Surrender to your own mediocrity

This is amazing advice I got from listening to Tim Ferriss’ podcast interview with author and super-creative, Cheryl Strayed.

When you accept that you’re not perfect and neither are your contributions to the world, it will instill the humility you need to get help, to stay curious, to desire more knowledge, to gain more perspective, to be grateful when you win, and to accept failure as a necessary ingredient to progress.

It also takes the pressure off of having to do “great” work – pressure that will never get you started; and if you do get started, it won’t be authentic. It will help you to actually take the first step, and actually do the work itself.

Ego and unreasonable expectations are the enemy. Embrace your humanness, get out of your way, and share your passion with the world.

Take a guess. It’s good for you. 

I’m listening to a podcast by Tim Ferriss interviewing Jane McGonical – who says that she enjoys watching games she knows how to play, and predicting who wins. Her games of choice are tennis matches.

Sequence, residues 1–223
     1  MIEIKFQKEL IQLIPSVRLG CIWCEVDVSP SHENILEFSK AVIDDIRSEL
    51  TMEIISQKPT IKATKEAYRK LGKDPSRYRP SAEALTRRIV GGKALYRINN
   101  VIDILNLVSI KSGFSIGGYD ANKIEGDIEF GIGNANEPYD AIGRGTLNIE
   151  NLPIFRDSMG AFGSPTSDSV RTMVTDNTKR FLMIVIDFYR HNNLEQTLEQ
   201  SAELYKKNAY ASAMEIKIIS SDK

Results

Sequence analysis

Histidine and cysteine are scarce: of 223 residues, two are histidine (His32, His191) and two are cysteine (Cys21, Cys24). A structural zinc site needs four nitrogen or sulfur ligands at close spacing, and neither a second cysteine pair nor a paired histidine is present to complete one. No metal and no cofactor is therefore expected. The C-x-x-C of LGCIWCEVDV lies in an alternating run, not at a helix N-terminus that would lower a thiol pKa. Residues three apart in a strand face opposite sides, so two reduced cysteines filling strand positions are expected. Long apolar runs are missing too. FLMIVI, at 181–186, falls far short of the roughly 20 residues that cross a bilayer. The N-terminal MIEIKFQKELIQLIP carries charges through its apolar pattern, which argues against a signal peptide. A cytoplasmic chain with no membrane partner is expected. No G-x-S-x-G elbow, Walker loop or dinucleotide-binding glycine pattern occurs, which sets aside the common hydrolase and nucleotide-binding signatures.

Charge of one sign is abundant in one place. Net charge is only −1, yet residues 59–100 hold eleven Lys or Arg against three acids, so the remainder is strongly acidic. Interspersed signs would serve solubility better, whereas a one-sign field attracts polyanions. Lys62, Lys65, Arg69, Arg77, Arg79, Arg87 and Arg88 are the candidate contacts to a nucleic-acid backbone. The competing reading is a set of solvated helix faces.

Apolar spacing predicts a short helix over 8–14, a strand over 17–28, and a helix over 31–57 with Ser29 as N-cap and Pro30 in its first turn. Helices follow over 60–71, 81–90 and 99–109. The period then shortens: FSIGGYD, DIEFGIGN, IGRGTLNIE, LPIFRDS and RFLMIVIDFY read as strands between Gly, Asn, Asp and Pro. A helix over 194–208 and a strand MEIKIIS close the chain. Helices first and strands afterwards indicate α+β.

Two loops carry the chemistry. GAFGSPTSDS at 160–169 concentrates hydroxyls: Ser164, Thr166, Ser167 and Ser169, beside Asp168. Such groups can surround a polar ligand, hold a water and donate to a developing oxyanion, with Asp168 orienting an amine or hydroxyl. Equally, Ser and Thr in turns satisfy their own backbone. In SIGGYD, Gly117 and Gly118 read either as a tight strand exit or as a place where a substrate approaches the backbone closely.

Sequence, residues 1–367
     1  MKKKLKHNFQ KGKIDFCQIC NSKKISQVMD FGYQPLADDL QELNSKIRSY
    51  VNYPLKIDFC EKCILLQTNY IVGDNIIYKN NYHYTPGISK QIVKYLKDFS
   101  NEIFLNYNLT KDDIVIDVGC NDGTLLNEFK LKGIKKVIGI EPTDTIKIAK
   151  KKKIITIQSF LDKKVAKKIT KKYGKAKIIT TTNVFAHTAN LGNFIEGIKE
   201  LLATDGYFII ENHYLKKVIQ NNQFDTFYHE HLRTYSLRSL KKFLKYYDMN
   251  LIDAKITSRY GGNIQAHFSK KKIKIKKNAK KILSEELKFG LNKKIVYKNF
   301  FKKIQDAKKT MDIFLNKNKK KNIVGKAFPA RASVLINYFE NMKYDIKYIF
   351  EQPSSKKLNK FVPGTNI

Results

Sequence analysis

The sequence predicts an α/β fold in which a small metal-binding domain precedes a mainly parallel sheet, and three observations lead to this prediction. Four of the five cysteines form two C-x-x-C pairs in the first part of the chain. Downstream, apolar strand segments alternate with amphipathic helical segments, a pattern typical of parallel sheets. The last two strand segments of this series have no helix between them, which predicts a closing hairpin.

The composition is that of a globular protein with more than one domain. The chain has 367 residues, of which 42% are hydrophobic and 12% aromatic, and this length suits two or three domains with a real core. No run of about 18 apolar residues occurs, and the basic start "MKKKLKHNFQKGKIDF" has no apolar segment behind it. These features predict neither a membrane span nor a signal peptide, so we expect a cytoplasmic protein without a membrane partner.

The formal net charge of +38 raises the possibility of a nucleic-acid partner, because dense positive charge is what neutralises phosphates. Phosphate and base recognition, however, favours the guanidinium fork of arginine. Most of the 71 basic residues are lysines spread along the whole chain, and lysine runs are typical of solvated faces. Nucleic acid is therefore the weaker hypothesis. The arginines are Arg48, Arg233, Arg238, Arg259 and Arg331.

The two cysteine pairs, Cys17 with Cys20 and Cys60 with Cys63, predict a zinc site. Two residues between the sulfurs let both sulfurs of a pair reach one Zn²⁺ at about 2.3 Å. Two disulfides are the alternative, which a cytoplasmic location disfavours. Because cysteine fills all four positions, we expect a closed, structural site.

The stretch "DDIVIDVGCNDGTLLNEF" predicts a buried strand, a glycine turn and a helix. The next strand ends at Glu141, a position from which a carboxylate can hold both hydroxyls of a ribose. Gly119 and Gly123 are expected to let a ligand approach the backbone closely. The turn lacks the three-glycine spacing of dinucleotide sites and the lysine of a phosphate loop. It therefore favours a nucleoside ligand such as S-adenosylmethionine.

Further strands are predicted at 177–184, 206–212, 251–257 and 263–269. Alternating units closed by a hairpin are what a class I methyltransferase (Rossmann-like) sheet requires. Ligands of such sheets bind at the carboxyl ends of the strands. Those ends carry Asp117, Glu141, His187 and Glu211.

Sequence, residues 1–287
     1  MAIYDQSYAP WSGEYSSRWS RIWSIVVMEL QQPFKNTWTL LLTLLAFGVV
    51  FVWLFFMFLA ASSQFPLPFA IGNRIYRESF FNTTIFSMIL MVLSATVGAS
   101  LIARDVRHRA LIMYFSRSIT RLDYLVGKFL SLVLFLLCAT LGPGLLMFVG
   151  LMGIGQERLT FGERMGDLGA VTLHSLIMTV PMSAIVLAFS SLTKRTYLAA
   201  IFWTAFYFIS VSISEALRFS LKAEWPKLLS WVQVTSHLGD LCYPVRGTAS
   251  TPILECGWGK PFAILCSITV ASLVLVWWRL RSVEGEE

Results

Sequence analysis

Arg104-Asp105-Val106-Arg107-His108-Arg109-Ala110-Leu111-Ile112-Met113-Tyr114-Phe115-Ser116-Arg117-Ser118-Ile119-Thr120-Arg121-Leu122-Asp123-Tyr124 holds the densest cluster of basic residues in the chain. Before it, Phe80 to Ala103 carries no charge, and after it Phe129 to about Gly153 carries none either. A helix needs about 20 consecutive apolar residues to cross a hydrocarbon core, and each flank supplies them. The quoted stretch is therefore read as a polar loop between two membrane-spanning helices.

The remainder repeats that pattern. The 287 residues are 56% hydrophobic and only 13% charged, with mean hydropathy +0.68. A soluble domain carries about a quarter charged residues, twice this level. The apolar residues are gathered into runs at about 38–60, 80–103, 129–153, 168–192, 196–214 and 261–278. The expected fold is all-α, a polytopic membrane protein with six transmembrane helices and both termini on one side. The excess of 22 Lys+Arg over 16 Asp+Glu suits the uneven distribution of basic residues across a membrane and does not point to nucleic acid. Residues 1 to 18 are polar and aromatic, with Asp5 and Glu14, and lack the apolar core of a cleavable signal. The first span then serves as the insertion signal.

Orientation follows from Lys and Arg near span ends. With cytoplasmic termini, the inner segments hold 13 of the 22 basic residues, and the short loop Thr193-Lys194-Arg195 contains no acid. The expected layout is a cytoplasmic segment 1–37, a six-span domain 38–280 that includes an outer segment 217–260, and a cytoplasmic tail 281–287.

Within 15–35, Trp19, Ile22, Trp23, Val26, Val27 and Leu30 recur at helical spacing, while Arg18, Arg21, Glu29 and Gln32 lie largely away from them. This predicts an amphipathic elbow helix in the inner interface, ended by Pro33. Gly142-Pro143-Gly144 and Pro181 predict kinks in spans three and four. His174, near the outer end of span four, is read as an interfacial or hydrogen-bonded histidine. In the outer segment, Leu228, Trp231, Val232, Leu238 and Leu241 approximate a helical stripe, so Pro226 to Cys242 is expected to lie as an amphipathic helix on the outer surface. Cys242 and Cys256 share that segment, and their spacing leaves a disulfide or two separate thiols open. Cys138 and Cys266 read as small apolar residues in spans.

While seemingly trivial, according to her research – doing so creates anticipation and releases a healthy amount of dopamine, regardless of the outcome. 

If your prediction is right, you get a pat on the back; and if your prediction is wrong, you get to learn what went wrong and you’re wiser. How often can you bet on a win/win situation? 

She also cited that peoples’ moods are less happy during sports off-seasons; and she also chooses tennis matches because there is only one month when there are no games. A hedge against depression. 

So interesting!

If you decided to try this, what would you predict? I’m not a sports guy, so I’d have to find something else to play fortune teller with. Maybe reading a mystery book or watching a mystery show on Netflix – because I love reading, and I love guessing who committed the crime and looking back at clues when I failed. Any recommendations?